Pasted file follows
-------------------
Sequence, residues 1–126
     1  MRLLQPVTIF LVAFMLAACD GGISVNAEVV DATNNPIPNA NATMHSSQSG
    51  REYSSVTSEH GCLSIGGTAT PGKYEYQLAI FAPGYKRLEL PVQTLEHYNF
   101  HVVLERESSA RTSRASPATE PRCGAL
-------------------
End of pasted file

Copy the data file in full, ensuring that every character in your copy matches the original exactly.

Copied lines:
Sequence, residues 1–126
     1  MRLLQPVTIF LVAFMLAACD GGISVNAEVV DATNNPIPNA NATMHSSQSG
    51  REYSSVTSEH GCLSIGGTAT PGKYEYQLAI FAPGYKRLEL PVQTLEHYNF
   101  HVVLERESSA RTSRASPATE PRCGAL